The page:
11. You can become a millionaire in less than 10 years

    According to a recent report issued by Boston Consulting Group, over one half of wealthy Singaporeans accumulated the majority of their wealth in less than 10 years. That’s the quickest growing rate in the world. Now, Singapore boasts one of the highest millionaires’ density in the world with 8.8% of the population having assets over one million US dollars. The phenomenon exists due to the ease of doing businesses in Singapore, advantageous location with easy access to nearby booming markets of India, Indonesia and Malaysia and quick implementation of progressive new technologies.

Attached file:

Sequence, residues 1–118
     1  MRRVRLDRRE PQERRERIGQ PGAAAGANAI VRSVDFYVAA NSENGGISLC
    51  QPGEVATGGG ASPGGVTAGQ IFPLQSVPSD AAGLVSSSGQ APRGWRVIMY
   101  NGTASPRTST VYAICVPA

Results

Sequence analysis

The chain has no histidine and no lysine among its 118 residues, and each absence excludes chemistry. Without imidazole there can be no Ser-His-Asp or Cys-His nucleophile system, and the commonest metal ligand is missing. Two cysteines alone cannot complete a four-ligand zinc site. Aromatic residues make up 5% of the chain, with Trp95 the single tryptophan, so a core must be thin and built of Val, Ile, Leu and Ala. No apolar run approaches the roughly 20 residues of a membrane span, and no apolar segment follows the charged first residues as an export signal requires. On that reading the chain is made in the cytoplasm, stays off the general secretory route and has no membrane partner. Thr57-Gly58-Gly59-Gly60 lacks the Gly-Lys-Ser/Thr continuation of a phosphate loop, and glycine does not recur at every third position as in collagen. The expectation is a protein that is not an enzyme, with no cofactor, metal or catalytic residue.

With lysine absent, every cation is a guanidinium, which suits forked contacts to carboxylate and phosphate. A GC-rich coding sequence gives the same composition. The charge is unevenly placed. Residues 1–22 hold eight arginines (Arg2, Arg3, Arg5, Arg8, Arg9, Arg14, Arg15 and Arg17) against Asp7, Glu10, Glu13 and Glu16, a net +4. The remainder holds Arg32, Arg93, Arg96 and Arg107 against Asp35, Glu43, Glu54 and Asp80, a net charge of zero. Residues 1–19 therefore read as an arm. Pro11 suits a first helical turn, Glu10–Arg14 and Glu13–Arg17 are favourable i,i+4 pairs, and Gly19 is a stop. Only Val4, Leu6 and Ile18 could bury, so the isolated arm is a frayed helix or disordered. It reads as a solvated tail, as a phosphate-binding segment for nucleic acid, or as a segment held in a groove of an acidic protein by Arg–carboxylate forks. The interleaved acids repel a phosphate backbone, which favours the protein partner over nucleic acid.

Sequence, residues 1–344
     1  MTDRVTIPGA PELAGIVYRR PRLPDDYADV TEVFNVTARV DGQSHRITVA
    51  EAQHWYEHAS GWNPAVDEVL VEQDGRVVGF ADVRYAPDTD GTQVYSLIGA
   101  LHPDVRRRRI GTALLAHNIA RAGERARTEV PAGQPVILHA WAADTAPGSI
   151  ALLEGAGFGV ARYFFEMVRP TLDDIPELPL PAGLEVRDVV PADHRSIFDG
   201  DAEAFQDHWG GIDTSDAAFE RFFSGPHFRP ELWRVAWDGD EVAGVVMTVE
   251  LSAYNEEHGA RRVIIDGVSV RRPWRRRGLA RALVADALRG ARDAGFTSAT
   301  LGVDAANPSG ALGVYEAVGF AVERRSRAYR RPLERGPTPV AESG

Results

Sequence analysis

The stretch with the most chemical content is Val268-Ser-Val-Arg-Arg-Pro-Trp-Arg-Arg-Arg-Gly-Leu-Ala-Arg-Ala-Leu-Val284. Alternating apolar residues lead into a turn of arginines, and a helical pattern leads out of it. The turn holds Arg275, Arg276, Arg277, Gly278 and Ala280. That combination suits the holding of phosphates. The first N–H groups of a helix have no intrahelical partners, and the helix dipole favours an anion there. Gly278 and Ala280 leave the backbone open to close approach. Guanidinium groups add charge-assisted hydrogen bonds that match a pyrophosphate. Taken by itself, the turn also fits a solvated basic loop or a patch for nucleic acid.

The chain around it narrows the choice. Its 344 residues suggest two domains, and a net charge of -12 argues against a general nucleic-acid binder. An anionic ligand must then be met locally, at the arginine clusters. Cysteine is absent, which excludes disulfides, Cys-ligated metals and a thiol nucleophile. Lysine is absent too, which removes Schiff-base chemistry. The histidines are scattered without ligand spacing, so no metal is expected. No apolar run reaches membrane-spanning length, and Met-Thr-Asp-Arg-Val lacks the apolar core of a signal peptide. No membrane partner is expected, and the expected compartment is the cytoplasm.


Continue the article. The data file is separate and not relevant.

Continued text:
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    12. Absolute political stability

    Obviously, your business and you as an employee do not exist in a vacuum and are highly dependent on governmental policies and law-making. The Singaporean government is known for conducting open and fair policy towards constantly introducing new laws, tax relieves, and regulations to enhance the countries’ business environment even more. With the People Action’s Party forming the majority in Parliament since 1965, Singapore has a very stable and orderly government indeed.

    Featured photo credit: Larry Teo via unsplash.com